The Decorrelated Fast Cipher is an eight-round Feistel cipher with a somewhat different f-function. It uses one S-box, with bits taken from the expansion of e, having 64 entries, each 32 bits long.
The original version of its specification is available on its designer Serge Vaudenay's web site.
The arrangement of the Feistel rounds is like that of DES, with halves swapped after all rounds but the last one.
The f-function has two steps.
First, two 64-bit subkeys (considered as two halves of a single 128-bit round subkey) are applied to the right half of the block by multiplication and addition, modulo 2^64+13. Then the last 64 bits of the result are used.
Then, the right and left halves of the 64-bit result are swapped. The new left half has an S-box entry, chosen by the rightmost 6 bits of the new right half, XORed to it. The new right half is only XORed with a constant.
Finally, the 64-bit result has a 64-bit constant added to it.
Although this description is short and simple, using multiplication with an odd modulus in the f-function ensures that every bit of the f-function output depends on every bit of its input.
More importantly, the use of both multiplication and addition has an important property, which explains the meaning of the word 'decorrelation' in the name of this cipher, and which also is connected with the use of Galois field multiplication in some other ciphers in this section, such as Rijndael and Twofish.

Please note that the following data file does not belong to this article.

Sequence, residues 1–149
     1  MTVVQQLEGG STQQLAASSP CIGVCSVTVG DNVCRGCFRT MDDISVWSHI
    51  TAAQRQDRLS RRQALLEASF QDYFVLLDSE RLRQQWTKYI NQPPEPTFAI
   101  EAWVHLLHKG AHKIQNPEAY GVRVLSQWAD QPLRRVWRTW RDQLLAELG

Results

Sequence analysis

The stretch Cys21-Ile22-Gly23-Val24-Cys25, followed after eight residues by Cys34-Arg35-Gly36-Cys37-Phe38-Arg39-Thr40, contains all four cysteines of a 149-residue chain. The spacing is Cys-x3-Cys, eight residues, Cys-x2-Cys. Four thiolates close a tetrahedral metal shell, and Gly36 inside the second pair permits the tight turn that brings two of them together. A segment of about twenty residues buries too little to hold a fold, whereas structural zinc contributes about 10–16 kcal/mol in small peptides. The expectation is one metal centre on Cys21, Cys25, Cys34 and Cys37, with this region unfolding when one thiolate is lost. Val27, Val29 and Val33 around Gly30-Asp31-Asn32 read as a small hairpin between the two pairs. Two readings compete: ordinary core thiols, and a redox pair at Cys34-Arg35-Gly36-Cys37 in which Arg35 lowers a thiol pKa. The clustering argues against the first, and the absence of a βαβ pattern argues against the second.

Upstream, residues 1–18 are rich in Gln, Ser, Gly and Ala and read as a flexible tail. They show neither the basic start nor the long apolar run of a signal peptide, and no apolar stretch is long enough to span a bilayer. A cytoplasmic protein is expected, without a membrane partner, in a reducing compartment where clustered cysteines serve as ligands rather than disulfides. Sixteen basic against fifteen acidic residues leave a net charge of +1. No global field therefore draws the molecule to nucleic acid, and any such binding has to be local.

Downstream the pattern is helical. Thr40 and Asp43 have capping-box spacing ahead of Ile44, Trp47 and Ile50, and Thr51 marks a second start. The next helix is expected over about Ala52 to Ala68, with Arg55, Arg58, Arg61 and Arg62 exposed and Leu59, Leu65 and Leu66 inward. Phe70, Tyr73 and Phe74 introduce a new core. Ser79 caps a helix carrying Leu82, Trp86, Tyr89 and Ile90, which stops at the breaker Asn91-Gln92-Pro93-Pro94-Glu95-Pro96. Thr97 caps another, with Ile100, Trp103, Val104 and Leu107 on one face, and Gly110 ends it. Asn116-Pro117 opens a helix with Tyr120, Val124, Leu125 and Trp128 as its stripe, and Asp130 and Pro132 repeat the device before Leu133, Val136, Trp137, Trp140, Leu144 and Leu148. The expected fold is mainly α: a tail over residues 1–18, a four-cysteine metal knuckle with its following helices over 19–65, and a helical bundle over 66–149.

Because of the distributive property involving both multiplication and addition, that a*x + a*y = a*(x+y), thus multiplication distributes over addition, the following is true:
Let us suppose the input p produces the output q, and r produces the output s, after being first multiplied by a and then having b added to it. If you change a, and then change b so that p still produces q, r can produce anything, because the difference between q and s is proportional to the multiplier a.
This also works when Galois field multiplication is used, with XOR taking on the role of addition. This subject is more extensively discussed in a section entitled A Note on the Importance of the Galois Field.
In the case of multiplication modulo 2^64+13, followed by truncation to 64 bits, the property is only followed approximately, and with Galois field multiplication, one cannot include zero as a multiplier.
Using two additions, separated by an S-box corresponding to a permutation corresponding to wiring a rotor by the interval method seems like it might work, since a somewhat similar property is involved. But the property is not the same, since it involves adding something to one of the two values considered instead of to both. However, note that multiplication under a prime modulus is isomorphic to addition, so there are S-boxes that would approximate this property for two additions.
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